Conflicts with others can be one of the greatest sources of stress and difficulty in our lives.
Therefore, if we can learn to reduce conflicts, and also handle them better if they do arise, this can represent a huge shift in the quality of our lives. It can mean deeper and more enjoyable connections, more peace of mind and greater mental strength.
In this episode of Mentally Stronger, I’ll be exploring one simple method of reducing conflict in your life – switching your mindset from furious to curious.
Curiosity offers a different perspective that can diffuse the entire situation and leave you feeling calmer, more empowered and more in control.
Keep reading to learn more or listen to the full episode below.
What are the causes of conflicts?
Let’s say someone pulls out in traffic suddenly in front of you. What do you feel at that moment? How do you react?
And let’s say you’re in a long line somewhere and someone walks to the front of the line and straight to the cashier. What goes through your mind right away?
You’re meeting your partner for dinner and they are 20 mins late. No phone call. You’re sitting there in the cafe – 20 mins waiting. What comes up for you?
For most of us the knee-jerk response to all of these situations is anger towards the other. The human mind seems to be wired in such a way that we go directly from feeling hurt, threatened or put out in some way, to anger and blame and resentment. It happens almost automatically.
Sometimes, all it takes is someone forgetting to take the garbage out or says a few clumsy words and so in that moment we get that first pang of unpleasant feeling, whether it’s hurt or disappointment. And then we almost instantly resort to anger.
When our stories get us stuck in anger
What we often don’t notice is how after that initial moment of unpleasant feeling our feelings turned into stories in our heads, and then those stories turned into feelings of anger, and then escalated into conflict.
So for instance, after the initial moment you see the garbage wasn’t taken out and you feel a bit of disappointment. Then you start to think to yourself “this person is so selfish, they don’t care about anyone but themselves.” Now those thoughts breed anger and you’re likely to communicate with this other person with alot of blame, and perhaps even end up in a big fight.
This kind of thing happens in relationships, friendship and families. It happens at work, in traffic, and with neighbours. These unconscious reactions can lead to long standing conflicts where people don’t talk to each other for years. It can lead to broken families and toxic workplaces. It can even lead to violence and wars.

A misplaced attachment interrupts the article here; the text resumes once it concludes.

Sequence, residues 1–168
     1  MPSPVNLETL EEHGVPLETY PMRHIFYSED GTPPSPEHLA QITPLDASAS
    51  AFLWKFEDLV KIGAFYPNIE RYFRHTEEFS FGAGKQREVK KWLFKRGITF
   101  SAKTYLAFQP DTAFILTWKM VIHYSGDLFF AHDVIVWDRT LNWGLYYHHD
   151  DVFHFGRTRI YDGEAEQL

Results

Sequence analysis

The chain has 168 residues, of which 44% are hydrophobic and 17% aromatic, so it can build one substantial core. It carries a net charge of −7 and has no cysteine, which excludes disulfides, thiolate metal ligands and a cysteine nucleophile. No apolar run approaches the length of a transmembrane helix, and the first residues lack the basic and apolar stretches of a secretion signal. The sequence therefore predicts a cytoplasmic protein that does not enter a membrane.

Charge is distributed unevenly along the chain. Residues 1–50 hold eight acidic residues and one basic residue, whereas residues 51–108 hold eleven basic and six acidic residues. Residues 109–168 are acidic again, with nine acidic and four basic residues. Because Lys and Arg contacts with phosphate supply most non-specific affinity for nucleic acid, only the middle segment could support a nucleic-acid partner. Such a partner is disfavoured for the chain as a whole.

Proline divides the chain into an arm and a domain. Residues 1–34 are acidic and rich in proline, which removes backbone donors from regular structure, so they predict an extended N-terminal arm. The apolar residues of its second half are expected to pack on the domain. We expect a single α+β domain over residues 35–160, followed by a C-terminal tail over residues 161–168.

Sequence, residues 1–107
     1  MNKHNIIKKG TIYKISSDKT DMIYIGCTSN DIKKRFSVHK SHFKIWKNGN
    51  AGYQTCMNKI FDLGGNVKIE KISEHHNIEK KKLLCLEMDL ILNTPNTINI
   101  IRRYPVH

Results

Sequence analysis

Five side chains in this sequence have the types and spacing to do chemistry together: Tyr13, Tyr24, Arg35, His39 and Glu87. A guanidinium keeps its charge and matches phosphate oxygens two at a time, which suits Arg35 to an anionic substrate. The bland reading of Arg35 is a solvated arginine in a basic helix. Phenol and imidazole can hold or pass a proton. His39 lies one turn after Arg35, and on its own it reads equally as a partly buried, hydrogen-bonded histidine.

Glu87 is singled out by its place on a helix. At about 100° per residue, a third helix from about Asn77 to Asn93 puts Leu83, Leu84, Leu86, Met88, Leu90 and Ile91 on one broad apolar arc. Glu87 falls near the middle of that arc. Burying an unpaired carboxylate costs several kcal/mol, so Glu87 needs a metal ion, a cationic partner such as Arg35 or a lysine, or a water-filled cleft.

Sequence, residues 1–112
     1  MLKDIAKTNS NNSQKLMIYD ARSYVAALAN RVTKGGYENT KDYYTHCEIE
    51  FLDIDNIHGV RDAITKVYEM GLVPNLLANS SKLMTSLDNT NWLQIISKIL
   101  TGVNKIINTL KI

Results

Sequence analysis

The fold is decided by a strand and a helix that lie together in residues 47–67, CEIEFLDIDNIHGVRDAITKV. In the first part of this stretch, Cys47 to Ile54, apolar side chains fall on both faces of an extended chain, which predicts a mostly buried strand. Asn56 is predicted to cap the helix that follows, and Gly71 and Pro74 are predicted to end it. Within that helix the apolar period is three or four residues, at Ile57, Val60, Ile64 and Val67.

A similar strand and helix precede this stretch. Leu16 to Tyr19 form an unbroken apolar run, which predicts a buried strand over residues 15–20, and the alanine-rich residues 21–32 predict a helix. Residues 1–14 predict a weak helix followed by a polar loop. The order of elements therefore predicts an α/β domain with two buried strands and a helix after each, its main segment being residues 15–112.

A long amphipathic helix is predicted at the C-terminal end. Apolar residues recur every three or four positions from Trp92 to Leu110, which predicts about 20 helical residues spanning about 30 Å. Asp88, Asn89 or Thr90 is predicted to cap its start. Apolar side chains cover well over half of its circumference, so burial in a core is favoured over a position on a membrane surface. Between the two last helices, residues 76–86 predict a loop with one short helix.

So, how can we overcome this tendency towards anger and then conflict?
The answer lies in being curious instead of furious.
How to be curious, not furious
When we are feeling put out, hurt or disappointed by another person’s actions, what we tend to do is assume bad intentions. So our mind tends to tell stories about what a terrible, idiotic, rude, horrible person they are and we assume a whole bunch of stuff about what their actions mean. That tends to then make us angry.
Instead, we can switch the focus to being curious in these two ways:
- Become curious about what’s going on inside you
Firstly, you can become curious about where your own feelings are coming from. Notice the narrative your mind is creating about the other person’s character, intentions and motivations and how that might be affecting your state of mind.
2. Become curious about what’s going on with the other person
And secondly become curious about what might be happening for the other person. Instead of assuming you know their motivations and intentions, remind yourself that you don’t really know. And consider the different possibilities that may be happening for them.
For instance the next time someone pulls out in front of you in traffic, forgets to do something you wanted done, arrives late or makes a mistake, consider the possibilities that may be happening for them.
- Maybe they forgot because they have alot of worries on their mind
- Maybe they couldn’t do it for reasons they could not help
- Maybe they are having a really bad day (we all do sometimes)
- Maybe they are in a rush for a really good reason
- It’s possible that they just made a silly mistake but didn’t mean any harm (again, just like we all do sometimes)
- Maybe they were trying to look after their own needs in ways that were really important.
So next time someone lets you down, puts you out or causes some kind of hurt or makes a mistake and your first instinct is to paint them as a villain in your mind, see if you can slow things down, and become curious not furious and then see how that might change things and make a positive difference in the quality of your life.
As you reframe your thinking like this you’ll let go of conflict, hostility and anger and make space for more understanding, happiness and harmony in your life.
Thank You For Listening
I really appreciate you choosing to listen or read about mental strength with me. If you found benefit from today’s episode/post and you think others might benefit from hearing about it, go ahead and share it using the social media buttons below.
I would also be super grateful if you would consider taking a minute or two to leave an honest review and rating for the show on Apple Podcasts. They’re extremely helpful when it comes to reaching our audience and I read each and every one personally!
Finally, remember to subscribe to the podcast on Apple Podcasts to make sure that you never miss an episode.